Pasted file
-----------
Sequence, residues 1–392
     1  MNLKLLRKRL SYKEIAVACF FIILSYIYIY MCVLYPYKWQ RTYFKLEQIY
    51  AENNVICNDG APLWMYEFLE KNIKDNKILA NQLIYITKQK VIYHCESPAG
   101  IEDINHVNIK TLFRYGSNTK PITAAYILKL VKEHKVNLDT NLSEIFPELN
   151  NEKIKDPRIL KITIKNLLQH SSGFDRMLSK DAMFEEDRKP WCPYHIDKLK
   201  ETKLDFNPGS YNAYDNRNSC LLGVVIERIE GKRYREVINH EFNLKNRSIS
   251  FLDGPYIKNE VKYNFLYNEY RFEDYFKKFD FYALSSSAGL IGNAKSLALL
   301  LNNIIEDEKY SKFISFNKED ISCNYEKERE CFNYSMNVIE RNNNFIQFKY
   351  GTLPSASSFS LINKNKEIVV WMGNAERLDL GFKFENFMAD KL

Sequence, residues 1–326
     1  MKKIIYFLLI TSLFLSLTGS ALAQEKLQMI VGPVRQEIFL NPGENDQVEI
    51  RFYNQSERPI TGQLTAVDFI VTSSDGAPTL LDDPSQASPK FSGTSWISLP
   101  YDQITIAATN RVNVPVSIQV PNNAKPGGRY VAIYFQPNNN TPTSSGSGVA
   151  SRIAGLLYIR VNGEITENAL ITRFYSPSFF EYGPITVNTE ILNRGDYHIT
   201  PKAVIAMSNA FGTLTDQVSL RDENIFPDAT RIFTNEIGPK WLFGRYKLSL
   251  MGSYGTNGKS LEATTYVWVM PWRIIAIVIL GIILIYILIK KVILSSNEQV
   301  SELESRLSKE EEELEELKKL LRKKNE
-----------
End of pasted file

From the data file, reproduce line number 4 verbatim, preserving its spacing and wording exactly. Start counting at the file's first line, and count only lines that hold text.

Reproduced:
   101  IEDINHVNIK TLFRYGSNTK PITAAYILKL VKEHKVNLDT NLSEIFPELN